Most of the cities and towns in the inland states of the USA enjoy a slower pace of life than some of their east or west coast counterparts and students may find locals to be friendlier. John Liffiton, Programme Coordinator at Scottsdale Community College in Scottsdale, AZ, says, “The way of life is much more relaxed than back east and although people work hard, there isn’t the rush you find in many other large cities.”

Michelle Kempke Eppler, Dean of Academic Services and Students at Bellevue University in Bellevue, NE, highlights the welcoming nature of the people. “You’ll find friendly people, low crime rates and a cost of living that rivals any state in the country when you factor in Nebraska’s rich cultural, professional and educational resources,” he says.

For a taste of American history, Nebraska is ideal as it is a state rich in heritage, and this is one reason why many choose to study there, says Janet Willems, Director of International Programmes at Doane College in Crete, NE. “Historic sites such as Nebraskan author Willa Cather’s home in Red Cloud, sites along the Oregon Trail and points along Lewis and Clark’s historical journey through the state continue to draw students to Nebraska,” she says.

Despite the many advantages of the inland states, many international students do not know much about the area before they arrive. For example, Arkansas has many cultural and natural attractions but is better known internationally for very different reasons, as Miranda Stramel at Spring International Language Centre in Fayetteville, AR, admits. “Any Arkansan who has been abroad can tell you that people the world over know Arkansas as the home of former President Bill Clinton, and they generally know nothing else about [the state],” she says.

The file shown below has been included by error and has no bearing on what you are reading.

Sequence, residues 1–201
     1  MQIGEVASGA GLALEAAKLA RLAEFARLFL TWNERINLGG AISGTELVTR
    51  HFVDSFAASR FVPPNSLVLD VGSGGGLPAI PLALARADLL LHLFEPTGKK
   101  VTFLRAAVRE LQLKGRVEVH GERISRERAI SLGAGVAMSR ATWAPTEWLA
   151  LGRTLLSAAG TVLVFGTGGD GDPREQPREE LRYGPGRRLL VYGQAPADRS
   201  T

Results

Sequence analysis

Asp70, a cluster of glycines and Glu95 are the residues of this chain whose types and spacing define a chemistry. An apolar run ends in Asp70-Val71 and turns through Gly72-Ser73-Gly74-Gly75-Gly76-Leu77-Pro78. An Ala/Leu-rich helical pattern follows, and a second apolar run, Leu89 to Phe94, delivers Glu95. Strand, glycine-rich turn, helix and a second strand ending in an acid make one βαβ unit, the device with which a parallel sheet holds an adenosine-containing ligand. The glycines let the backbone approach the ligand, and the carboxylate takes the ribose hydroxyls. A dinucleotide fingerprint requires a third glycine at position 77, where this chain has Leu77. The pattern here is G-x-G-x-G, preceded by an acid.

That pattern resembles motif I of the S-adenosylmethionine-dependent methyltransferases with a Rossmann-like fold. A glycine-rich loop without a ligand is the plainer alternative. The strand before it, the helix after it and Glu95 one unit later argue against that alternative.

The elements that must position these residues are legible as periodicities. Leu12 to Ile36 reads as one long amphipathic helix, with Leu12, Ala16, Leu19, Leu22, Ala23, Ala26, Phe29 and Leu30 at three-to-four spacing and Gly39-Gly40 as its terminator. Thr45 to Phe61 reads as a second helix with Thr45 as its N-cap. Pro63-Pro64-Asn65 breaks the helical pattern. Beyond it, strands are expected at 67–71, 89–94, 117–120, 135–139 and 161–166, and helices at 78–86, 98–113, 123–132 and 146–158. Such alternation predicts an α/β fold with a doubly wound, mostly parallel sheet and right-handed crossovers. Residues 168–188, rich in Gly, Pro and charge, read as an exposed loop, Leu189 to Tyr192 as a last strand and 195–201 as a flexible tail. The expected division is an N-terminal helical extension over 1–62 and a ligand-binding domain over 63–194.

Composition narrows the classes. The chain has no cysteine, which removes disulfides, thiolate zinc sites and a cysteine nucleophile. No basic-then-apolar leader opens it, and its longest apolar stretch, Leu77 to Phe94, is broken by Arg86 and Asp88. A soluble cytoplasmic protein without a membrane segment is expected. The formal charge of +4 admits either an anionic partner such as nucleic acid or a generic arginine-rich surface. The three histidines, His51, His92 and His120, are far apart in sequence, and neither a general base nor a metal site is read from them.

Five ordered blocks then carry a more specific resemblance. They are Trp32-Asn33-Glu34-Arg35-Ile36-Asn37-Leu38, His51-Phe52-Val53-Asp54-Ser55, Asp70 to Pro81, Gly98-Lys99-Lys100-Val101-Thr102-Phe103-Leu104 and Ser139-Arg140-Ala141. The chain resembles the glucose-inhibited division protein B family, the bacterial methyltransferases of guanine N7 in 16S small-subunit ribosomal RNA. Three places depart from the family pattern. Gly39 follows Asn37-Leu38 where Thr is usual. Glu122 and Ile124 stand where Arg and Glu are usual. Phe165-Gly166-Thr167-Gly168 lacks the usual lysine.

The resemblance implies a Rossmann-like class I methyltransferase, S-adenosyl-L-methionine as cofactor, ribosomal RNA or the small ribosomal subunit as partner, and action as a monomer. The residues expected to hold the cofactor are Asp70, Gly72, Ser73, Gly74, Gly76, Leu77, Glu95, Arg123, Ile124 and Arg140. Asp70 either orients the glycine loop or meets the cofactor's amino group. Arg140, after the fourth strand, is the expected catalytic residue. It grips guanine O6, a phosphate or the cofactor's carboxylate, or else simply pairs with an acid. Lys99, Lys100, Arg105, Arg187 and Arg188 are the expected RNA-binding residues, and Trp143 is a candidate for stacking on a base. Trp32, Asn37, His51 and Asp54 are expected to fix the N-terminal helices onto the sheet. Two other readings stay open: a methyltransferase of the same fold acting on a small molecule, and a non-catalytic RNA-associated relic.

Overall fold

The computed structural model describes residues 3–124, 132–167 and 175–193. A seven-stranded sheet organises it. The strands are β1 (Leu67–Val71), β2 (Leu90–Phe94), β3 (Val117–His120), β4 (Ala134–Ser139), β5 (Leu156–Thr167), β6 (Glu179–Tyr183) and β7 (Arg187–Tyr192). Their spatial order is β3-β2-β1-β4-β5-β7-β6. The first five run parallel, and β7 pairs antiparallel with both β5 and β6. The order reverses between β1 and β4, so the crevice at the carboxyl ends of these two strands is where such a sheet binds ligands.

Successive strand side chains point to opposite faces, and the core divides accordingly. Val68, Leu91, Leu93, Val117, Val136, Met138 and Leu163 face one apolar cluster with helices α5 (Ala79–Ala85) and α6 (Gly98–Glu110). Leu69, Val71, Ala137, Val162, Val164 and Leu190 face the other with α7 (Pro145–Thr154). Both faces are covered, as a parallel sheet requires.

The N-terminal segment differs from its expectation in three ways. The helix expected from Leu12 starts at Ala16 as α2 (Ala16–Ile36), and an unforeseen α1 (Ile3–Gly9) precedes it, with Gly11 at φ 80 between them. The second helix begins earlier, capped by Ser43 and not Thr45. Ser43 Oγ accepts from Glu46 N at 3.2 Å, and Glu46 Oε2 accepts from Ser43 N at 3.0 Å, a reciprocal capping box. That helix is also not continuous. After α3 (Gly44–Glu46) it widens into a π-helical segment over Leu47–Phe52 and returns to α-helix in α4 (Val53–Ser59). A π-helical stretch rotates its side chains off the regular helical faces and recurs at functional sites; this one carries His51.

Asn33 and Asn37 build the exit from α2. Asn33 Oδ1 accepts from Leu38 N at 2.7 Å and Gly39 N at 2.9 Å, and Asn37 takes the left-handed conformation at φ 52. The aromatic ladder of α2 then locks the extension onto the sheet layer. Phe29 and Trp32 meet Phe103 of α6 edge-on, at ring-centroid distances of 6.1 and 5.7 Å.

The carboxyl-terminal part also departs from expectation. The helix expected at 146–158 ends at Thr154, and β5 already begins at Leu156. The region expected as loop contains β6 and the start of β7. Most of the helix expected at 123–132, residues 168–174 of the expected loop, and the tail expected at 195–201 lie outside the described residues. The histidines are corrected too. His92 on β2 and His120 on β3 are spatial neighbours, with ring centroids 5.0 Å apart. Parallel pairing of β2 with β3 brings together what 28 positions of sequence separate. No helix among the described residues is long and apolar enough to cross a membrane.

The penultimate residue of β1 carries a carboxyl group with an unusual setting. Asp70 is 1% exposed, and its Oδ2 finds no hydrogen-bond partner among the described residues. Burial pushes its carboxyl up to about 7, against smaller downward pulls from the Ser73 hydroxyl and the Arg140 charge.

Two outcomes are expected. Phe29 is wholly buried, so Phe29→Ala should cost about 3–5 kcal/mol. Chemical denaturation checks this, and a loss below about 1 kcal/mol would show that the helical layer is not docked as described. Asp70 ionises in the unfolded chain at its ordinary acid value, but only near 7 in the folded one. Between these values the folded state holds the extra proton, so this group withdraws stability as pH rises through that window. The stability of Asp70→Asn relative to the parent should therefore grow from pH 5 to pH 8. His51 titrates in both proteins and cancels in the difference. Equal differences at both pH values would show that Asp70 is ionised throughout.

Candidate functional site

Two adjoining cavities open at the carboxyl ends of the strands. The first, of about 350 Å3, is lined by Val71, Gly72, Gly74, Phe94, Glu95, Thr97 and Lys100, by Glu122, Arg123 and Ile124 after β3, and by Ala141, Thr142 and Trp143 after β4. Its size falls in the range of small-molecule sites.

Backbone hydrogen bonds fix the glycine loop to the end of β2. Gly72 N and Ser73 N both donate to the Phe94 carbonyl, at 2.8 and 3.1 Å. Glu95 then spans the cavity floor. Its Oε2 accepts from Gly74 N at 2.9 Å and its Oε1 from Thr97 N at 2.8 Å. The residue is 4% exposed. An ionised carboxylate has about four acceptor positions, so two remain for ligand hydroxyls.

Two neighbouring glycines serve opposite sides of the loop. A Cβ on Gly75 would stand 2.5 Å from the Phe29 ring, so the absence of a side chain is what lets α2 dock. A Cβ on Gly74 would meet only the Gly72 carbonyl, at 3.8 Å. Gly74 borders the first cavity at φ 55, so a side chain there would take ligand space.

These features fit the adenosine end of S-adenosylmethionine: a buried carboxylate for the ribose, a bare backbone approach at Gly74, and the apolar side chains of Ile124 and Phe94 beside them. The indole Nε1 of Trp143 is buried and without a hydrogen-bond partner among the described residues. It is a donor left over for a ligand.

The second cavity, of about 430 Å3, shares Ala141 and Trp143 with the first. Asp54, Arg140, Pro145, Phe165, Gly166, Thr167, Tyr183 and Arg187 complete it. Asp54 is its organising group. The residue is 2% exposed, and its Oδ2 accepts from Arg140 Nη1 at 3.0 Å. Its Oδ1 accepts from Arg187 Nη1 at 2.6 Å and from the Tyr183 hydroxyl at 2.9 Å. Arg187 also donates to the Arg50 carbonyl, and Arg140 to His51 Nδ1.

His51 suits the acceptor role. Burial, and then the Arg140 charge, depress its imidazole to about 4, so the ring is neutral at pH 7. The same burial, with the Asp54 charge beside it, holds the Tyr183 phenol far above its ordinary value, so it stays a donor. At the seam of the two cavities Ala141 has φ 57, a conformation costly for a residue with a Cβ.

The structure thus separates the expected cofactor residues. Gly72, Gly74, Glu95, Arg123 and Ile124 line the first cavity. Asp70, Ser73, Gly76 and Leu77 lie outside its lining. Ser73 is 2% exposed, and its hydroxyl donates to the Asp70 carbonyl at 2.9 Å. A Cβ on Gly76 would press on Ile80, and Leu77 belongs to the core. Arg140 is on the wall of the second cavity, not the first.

There is much to discover throughout Arkansas according to Stramel, who says, “Northwest Arkansas’ natural beauties, like the Boston and Ozark Mountains or the Buffalo River area, lie easily within reach of the city, while Fayetteville residents still have access to regional cultural centres like Eureka Springs or to larger cities like Tulsa, Dallas, Memphis, Kansas City and St Louis.”

Another ideal place to live is Fargo in North Dakota, according to Kerri Spiering at North Dakota State University’s Office of International Programmes, situated in Fargo, ND. “People like living here,” she says, “I think part of it is due to the quality of life here, the safety and reasonable costs.” Students at North Dakota State University have ample opportunities to participate in volunteer work, which, Spiering says, “is a great way for students to get out in the community and practise their language skills”.

The Culture and Intensive English Program at the University of Northern Iowa in Cedar Falls, IA, also helps students to integrate with Americans by matching international students with a host family they can visit once a month, as well as arranging an American conversation partner. The programme’s Director, Robert Pesek, says students are attracted to the area because it is “very clean and [there are] very few other international people”.

Agent viewpoint

“My students do go to the inland states, and their main reason for going is to carry out a one-semester study programme in computer science, technology/engineering or life sciences. Students are most surprised by the hospitality, friendliness and openness of the American people in general, and the feeling of space compared with Europe. Apart from meeting and working with many people from all over the world, [students enjoy] visiting big cities like Nashville, Memphis, New York, Washington, Chicago and New Orleans.”
Maarten Schrevel, Zuyd University, Netherlands 

“I usually [recommend] Wisconsin, Nebraska and neighbouring states because there are not too many [Latin Americans there], so our students learn the language quicker. Even though there is not too much action in these states [compared with some of the better known states], our students like them because what they really want is to learn English and they have the chance to live on campus, which is a great experience for them.”
Alejandro Acero, Open Hearts International, Colombia

“The Tennessee Technical University is one of the few inland universities to which we are currently sending students. Our students are most surprised by the beauty of the countryside. [Students think] that Tennessee has a magnificent countryside and that the inhabitants are generally very friendly and hospitable.”
Guillaume De Meuter, University of Applied Sciences Würzburg-Schweinfurt, Germany